We are bonded for life
I, Dick D. Sawatsky, being of Dutch (Friesland) origin count
it a great honor and privilege to have been part of the
Liberation of Holland. I was a D.R. – Dispatch Rider.
November 1944 I was stationed at the airport in Antwerp,
Belgium where one of the fieriest battles of World War ll
took place for the capture of the shipping harbour and
airport from the Germans. We were bombarded nonstop by V1’s
& V2’s. Many of our boys were killed, including my three
buddies who I had trained with. One night we heard a
doodle-bug coming directly at us. If the motor kept running
we knew it would keep going, but this one shut off and
dropped. I hit the dirt and swear I was flatter than the
four inches sidewalk I lay behind. The concussion caused me
total deafness for two days and left me hearing-impaired.
All through the Scheldt fighting was fierce. I was with the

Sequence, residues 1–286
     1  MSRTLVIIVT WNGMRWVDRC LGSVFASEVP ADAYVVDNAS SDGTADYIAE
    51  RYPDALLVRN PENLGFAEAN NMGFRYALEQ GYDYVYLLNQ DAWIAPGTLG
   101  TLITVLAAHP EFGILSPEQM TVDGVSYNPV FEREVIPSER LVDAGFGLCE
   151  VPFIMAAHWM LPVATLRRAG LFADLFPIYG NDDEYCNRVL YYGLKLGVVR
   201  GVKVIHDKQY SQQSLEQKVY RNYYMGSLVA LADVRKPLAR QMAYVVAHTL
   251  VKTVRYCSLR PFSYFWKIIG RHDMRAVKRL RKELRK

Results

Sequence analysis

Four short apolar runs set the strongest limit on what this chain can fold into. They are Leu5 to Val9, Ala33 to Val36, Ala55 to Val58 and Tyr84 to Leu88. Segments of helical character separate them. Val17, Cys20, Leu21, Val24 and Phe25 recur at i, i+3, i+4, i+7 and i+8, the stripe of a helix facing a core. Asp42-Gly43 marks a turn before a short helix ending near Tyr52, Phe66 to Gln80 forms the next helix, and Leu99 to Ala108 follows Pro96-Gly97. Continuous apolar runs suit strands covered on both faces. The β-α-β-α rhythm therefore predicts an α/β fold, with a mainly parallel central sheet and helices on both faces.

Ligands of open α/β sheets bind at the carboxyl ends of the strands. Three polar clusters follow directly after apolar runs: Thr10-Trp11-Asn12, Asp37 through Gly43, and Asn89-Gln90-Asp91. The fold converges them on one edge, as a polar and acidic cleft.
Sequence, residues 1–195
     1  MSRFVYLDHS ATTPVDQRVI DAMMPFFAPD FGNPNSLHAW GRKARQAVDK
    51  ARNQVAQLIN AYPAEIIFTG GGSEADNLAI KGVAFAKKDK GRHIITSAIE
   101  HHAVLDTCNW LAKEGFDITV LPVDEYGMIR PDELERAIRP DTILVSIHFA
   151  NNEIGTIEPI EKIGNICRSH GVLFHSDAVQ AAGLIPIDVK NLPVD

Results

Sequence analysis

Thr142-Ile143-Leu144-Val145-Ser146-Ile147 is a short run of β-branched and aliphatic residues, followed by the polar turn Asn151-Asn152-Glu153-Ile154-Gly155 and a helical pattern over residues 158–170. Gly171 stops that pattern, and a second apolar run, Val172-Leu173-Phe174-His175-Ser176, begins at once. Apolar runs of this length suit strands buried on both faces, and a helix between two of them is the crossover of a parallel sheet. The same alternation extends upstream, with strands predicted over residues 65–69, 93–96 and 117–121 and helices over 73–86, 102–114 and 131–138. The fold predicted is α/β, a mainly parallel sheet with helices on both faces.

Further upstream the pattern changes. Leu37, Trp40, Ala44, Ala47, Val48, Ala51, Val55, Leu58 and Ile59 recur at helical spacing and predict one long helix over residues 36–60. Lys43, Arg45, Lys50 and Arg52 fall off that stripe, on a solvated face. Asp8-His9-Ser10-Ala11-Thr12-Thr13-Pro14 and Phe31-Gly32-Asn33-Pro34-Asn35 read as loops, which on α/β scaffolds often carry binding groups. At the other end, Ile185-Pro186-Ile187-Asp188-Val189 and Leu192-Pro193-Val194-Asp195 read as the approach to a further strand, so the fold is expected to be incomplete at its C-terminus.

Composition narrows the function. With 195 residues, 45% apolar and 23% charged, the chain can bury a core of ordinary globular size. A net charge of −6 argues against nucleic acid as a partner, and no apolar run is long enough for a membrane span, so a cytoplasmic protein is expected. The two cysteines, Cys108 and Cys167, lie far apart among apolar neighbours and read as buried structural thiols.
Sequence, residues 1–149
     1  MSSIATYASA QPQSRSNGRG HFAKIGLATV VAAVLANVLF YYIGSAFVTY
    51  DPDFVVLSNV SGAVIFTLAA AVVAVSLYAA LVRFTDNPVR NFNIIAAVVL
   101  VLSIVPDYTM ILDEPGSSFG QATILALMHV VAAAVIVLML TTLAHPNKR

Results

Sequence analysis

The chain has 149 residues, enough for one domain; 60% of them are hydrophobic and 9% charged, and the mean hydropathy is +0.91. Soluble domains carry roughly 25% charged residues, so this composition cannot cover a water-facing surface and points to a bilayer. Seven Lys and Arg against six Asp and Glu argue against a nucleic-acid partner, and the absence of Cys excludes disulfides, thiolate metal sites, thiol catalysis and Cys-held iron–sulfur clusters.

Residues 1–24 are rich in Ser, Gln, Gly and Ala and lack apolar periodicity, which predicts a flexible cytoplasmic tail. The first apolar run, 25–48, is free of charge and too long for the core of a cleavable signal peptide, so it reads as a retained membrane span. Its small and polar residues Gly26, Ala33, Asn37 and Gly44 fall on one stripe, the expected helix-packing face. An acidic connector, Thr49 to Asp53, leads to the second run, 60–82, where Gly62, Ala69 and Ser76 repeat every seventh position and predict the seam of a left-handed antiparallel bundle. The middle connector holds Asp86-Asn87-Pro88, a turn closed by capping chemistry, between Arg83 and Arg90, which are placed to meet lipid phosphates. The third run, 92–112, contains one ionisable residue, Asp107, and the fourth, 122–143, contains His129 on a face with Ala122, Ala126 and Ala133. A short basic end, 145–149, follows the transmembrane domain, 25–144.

21st Army, B. Montgomery was in command. My job with
Intelligence was to carry memorized messages between Units
from Officer to Officer. All coded ones were intercepted by
the enemy. Only one time at night did I find myself behind
enemy lines, but by the Grace of God and my faithful Harley
Davidson I did make it back alive. Food was scarce, troops
and civilians alike were starving. I dropped from 175lbs to
125lbs. One day I caught a chicken and later a small pig.
Was our cook ever happy to add that to our rice diet. I
watched Operation Market Garden, the Germans had been
alerted and picked off our Paratroopers before they landed.
The Rhine crossing took its toll. Holland was liberated by
inches not feet. Shortly after Emmerich I was wounded and
flown to Gent hospital. Having slept in a pup tent in muddy
fields and always on the go I had not had my clothes off in
three months, the nurses couldn’t believe my skin sores.
Would I do it all over again? “You bet in a heart beat!” The
Dutch and Canadian will always be there for one another, we
are bonded for life.
Dick D. Sawatsky, D.R. -
Dispatch Rider, 21st Army
Liberator of the Netherlands